• EV growth could see annual power demand rise 25%

    Growth of EVs in the years ahead could see electricity demand rise by 25% by 2040, according to new forecasts. Analysis by Cornwall Insight found that a rapid rise in EV take-up could see power demand from the transport sector increase by 31 times by 2040 from current levels. Its benchmark power curve report said that EVs will add an additional 71.6TWh of demand by 2040, a 25% increase on current annual demand. However, the report also highlighted the additional flexibility that EVs will bring to the system. Senior Modeller Tom Edwards said: “EVs are widely seen as crucial in reducing emissions to meet net-zero. However, the magnitude of the impact that the technology will have on the electricity system should not be underestimated. If EVs increase according to the National Grid’s Future Energy Scenarios (FES) Leading the Way scenario, the increase in demand for electricity will be substantial. “However, EVs have the potential to offer the system considerable flexible vehicle-to-grid (V2G) discharging and smart charging, which reduces the level of investment needed in flexible power supply.” Read more

  • New Energy Minister named as PM reshuffles cabinet

    Former trade minister Greg Hands has been appointed to oversee the Government’s energy and climate portfolio as part of Prime Minister Boris Johnson’s latest cabinet reshuffle. Hands, MP for Chelsea and Fulham, replaces Anne-Marie Trevelyan who has been appointed Secretary of State for International Trade. Hands reacted to his appointment on Twitter saying: “Energy, clean growth and climate change - some of the biggest challenges and opportunities for the Government as we approach #COP26.” Kwasi Kwarteng remains in his role as Secretary of State at the Department of Business, Energy and Industrial Strategy, which he was appointed to in January. Kwarteng said he was delighted to be continuing in his role as the UK steps up its efforts to “supercharge R&D, decarbonise our economy, catalyse private capital to create new jobs in new industries and revive Britain’s spirit of enterprise”. Read more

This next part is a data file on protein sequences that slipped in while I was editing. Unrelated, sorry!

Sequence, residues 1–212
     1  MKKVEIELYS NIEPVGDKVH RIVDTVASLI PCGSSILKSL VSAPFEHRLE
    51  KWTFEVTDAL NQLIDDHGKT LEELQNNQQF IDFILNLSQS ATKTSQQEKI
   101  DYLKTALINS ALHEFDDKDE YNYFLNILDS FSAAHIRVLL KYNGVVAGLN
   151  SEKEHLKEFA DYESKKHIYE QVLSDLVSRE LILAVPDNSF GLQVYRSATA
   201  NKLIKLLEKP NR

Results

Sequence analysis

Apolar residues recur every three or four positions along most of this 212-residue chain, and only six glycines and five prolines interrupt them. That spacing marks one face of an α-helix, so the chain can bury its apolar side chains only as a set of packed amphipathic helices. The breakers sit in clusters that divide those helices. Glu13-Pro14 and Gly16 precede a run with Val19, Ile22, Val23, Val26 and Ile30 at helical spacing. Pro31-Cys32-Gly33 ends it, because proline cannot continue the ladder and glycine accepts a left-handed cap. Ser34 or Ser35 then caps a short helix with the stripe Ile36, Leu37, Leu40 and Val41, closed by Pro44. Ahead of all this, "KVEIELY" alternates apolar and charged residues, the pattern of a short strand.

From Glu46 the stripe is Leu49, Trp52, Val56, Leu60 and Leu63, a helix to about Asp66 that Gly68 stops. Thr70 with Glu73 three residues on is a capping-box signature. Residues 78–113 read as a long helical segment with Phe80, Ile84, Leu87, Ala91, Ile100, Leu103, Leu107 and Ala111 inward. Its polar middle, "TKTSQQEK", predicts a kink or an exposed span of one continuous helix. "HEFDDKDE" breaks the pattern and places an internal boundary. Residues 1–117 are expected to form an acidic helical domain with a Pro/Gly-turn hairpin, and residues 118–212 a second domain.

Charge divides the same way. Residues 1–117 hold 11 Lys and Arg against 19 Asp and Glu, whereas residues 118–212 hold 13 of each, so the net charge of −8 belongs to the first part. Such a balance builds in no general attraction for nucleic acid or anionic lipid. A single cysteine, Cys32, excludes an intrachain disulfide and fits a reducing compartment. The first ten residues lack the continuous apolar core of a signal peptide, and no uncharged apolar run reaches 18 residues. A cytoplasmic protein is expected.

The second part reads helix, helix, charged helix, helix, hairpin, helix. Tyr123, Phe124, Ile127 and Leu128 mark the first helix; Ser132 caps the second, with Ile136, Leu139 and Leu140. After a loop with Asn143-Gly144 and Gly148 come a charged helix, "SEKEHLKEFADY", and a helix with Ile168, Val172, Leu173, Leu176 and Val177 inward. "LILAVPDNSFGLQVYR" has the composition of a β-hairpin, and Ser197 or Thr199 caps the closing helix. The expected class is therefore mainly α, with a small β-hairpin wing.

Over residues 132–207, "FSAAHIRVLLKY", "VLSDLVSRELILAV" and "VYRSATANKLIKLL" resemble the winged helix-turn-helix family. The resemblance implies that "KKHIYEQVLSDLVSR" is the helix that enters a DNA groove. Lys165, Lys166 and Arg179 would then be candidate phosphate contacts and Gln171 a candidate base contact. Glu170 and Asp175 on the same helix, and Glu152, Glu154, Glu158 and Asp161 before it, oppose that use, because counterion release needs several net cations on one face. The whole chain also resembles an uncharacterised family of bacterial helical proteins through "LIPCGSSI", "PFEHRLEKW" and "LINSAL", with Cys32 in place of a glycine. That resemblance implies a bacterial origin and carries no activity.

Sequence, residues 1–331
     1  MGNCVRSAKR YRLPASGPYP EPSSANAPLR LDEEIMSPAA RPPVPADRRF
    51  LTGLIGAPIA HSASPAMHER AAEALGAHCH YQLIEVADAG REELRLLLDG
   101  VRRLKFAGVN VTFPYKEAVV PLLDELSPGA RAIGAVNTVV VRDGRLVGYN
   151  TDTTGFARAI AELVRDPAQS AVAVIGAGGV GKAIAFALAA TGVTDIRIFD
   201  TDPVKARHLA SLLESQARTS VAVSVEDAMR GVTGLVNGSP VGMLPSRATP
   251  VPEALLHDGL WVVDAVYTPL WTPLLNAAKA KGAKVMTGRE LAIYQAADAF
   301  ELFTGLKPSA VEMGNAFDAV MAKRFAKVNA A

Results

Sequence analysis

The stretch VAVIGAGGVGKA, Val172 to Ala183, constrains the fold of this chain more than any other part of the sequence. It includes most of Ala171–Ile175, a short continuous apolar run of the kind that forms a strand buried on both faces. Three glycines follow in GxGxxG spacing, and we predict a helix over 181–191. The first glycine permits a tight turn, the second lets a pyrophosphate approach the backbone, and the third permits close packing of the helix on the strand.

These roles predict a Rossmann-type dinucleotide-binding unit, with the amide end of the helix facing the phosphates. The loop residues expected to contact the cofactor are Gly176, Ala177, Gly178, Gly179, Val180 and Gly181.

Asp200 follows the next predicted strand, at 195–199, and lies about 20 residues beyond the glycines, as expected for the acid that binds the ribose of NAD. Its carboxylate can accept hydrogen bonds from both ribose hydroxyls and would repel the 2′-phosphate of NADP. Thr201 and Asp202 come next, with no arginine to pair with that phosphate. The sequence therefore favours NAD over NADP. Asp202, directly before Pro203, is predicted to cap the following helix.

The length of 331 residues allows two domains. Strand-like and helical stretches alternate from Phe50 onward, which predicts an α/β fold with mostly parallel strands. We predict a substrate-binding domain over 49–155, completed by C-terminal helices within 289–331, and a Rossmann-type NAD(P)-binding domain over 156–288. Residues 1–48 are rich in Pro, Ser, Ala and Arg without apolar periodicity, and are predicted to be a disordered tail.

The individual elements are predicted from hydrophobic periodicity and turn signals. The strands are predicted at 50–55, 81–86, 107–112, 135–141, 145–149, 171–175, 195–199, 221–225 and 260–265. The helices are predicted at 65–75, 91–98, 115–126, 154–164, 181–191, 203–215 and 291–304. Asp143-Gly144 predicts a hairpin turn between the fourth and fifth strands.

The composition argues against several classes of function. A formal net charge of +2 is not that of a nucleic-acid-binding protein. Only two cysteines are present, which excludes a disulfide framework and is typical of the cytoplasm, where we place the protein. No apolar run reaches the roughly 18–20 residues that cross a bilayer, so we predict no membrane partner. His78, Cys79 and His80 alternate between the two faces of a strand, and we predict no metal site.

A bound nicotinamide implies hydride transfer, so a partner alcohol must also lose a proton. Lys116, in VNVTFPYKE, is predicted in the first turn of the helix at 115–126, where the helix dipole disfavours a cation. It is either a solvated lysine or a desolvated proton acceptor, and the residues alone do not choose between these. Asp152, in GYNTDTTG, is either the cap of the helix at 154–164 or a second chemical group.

• MPs call for equal sharing of UK grid access charges

    MPs have called for transmission charges and grid investment to be equally shared across the UK to help strengthen the Scottish renewables sector. The Scottish Affairs Committee voiced concerns that some renewable projects in England and Wales have a competitive advantage as they are paid to connect to the grid, whereas Scottish projects must pay to connect to the grid. The committee also said the short-term nature of transmission charges which vary year on year “impacts business cases and does little to instil confidence for long-term investment decisions”. Committee Chair, Pete Wishart, said: “In 2019, over 97% of electricity consumed in Scotland was from renewable energy sources. It is a great success, but more can be done to decarbonise the grid. “The bold net zero commitments by both the Scottish and UK Governments are welcome, but delivery is essential. To meet net zero, the Scottish and UK Government must work together to champion the opportunities Scotland offers, and to work with Ofgem and industry to modernise the grid for our low carbon aspirations and tackle climate change.” Claire Mack, Chief Executive of Scottish Renewables, welcome the call for a review into the imbalance of transmission network charging. “We urge the UK Government to take this recommendation and make this a top priority to enable the delivery of our climate change targets." Read more